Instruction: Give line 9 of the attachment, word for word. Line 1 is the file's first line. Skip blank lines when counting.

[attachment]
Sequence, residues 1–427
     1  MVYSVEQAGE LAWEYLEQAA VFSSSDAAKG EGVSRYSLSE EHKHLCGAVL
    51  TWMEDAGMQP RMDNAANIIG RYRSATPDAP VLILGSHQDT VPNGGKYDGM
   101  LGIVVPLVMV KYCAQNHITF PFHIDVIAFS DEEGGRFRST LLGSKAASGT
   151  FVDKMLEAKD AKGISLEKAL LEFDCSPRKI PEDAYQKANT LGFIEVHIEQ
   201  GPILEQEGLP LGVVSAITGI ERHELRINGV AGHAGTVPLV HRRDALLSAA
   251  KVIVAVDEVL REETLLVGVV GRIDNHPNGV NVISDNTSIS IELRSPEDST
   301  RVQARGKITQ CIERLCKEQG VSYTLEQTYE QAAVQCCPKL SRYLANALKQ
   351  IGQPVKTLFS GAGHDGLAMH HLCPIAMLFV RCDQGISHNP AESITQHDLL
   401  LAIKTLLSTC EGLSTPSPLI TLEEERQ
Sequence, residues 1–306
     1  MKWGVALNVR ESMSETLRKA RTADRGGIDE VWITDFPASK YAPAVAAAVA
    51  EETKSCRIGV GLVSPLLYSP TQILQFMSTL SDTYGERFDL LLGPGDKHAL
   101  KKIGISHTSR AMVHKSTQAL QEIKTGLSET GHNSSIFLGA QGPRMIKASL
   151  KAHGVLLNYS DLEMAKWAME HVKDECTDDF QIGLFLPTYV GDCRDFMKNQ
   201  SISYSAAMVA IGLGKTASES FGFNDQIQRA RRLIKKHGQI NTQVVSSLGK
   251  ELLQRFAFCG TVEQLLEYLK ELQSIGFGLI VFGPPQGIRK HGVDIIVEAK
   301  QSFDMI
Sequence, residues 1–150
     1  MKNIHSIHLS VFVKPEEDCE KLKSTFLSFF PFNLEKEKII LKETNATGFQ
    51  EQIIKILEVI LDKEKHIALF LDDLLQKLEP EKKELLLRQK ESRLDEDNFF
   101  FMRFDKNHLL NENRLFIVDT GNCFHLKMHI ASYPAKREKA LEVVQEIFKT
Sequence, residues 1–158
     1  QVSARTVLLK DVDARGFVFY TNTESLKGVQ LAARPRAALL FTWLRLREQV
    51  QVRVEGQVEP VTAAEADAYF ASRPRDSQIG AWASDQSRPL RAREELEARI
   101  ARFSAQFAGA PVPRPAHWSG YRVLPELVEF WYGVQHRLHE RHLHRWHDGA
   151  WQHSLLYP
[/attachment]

   351  IGQPVKTLFS GAGHDGLAMH HLCPIAMLFV RCDQGISHNP AESITQHDLL